Mario Castelnuovo-Tedesco’s 1962 chamber opera The Importance of Being Earnest is now available from Edizioni Curci and ready for the stage! This pure divertissement based on Oscar’s Wilde’s celebrated play is scored for the unusual ensemble of eight voices, two pianos, and percussion, with a libretto by the composer. Both the voice and piano reduction and the full score are available from the publisher.
This opera boasts numerous distinctive features. The instrumentation is unique, and it artfully weaves together thematic material of both cultured and popular origins – whose sources the composer indicates in the score – in unexpected and often humorous ways. Whether a fragment or a full citation, each element is established as a leading motif along with Castelnuovo-Tedesco’s own themes in a continuous game of cross-references in which the satire of the Wilde’s play is conveyed through a witty mashup of musical ‘samples’ from different authors and contexts, all united by the same (re)creative intent. In this way, the composer’s divertissement becomes the listener’s.
The piano reduction of the work was edited by Professor Giovanni Del Vecchio, who also authored the introductory text, which analyzes the source materials cited by Castelnuovo-Tedesco and their use throughout the work.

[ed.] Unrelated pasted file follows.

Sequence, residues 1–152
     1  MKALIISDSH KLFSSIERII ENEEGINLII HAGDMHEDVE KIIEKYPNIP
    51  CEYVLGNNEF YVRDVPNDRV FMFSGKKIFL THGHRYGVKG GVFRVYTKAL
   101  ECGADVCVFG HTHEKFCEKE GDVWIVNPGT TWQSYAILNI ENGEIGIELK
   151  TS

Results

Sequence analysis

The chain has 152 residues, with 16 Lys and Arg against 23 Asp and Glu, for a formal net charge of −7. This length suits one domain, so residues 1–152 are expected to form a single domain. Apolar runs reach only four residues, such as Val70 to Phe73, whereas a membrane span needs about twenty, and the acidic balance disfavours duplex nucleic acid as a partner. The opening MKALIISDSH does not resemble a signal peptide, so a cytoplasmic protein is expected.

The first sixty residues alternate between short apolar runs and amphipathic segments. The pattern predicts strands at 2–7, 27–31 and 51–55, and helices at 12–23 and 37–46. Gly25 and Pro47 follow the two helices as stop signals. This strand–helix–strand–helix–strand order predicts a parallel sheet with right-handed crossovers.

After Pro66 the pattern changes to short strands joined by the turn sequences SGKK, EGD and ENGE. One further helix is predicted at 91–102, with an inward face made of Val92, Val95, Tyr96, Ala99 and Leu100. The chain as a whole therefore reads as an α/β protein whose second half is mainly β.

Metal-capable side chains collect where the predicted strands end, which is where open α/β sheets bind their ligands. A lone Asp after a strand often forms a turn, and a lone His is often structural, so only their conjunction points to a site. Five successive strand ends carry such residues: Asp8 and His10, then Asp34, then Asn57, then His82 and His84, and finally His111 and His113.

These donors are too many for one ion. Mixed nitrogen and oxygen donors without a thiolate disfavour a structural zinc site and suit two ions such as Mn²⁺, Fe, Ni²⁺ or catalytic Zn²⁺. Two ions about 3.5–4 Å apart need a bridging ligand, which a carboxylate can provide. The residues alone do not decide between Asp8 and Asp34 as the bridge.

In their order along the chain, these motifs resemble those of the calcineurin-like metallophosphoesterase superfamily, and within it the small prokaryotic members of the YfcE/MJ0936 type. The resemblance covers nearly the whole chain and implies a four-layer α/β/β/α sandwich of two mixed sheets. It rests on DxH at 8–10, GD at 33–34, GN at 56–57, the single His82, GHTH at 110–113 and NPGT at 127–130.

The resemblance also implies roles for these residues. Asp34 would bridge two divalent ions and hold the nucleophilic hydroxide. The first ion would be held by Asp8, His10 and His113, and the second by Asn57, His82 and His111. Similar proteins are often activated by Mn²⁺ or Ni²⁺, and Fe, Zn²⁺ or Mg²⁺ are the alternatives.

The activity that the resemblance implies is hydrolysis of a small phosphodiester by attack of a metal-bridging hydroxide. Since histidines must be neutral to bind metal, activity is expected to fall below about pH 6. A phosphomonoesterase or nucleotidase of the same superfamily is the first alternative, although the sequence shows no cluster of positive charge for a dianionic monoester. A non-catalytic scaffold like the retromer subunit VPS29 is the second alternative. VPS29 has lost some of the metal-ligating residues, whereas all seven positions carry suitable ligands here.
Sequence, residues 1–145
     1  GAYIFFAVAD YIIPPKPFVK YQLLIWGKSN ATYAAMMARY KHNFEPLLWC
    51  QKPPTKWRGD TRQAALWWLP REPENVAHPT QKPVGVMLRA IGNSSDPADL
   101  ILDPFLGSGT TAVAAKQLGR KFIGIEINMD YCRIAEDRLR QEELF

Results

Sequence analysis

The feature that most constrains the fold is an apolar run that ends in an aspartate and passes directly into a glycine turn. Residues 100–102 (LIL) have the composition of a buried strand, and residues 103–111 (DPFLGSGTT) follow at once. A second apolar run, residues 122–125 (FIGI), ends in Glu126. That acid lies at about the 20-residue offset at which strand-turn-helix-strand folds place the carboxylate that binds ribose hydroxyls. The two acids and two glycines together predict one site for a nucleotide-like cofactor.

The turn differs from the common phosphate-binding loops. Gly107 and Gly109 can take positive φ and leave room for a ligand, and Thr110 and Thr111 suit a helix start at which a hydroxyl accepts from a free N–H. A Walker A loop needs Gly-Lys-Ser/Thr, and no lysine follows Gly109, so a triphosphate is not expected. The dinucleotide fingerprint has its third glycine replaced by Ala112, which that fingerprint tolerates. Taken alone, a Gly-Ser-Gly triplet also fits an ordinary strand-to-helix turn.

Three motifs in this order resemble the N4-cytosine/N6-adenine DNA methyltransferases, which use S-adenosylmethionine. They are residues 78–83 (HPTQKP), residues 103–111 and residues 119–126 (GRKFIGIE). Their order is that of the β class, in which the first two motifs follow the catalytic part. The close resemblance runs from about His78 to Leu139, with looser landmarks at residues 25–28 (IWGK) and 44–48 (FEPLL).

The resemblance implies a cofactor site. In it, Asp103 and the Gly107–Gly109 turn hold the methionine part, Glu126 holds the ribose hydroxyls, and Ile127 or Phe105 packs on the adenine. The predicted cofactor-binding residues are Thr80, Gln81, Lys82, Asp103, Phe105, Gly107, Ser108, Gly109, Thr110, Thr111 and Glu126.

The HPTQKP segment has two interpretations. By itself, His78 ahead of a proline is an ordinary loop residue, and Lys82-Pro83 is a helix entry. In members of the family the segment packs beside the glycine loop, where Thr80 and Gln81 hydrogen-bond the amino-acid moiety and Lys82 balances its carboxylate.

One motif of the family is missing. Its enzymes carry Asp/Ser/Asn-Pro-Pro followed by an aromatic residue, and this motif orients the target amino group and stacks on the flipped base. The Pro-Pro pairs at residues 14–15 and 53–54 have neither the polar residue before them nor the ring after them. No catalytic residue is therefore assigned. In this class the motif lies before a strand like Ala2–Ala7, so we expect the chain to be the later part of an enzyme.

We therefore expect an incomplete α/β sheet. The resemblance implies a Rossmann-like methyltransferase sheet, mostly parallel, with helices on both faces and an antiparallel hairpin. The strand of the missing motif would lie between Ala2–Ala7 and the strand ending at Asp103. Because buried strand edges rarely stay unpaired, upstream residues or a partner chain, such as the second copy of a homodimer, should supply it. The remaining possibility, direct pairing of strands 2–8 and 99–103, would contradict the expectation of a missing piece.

Castelnuovo-Tedesco’s final work for the stage, The Importance of Being Earnest is his only opera for which, to date, no commentary or mention by the composer has emerged. In his introduction to the published score, Angelo Gilardino speculates that the composer, after finishing two highly dramatic works, The Merchant of Venice (1956) and Saùl (1958-60), “would have wanted to turn to the more lighthearted, and, if you will, more frivolous genre of comedy, for his own pure and very personal enjoyment”. In keeping with Castelnuovo-Tedesco’s affinity for subtle irony, the composer uses this famous Victorian comedy of manners as a springboard for his own musical humor. The opera was conceived in two languages, English and Italian, with libretti by the composer in both languages. The Italian version, L’importanza di esser franco, is also published by Edizioni Curci.
The composer had a life-long passion for the work of Oscar Wilde. In his autobiography, Una Vita di Musica, Castelnuovo-Tedesco recounts that Wilde’s collection of fairy tales A House of Pomegranates was one of the first books he read in English as a boy in Florence. Much later, while working in Hollywood at Metro Goldwyn Mayer, he wrote The Birthday of the Infanta (1941). This ballet-suite was never included in a film and was executed only once, in concert form, by The New Orleans Symphony in 1947. He also wrote (uncredited) much of the soundtrack to the MGM film adaptation of The Picture of Dorian Gray, which was directed by Albert Lewin, in 1945.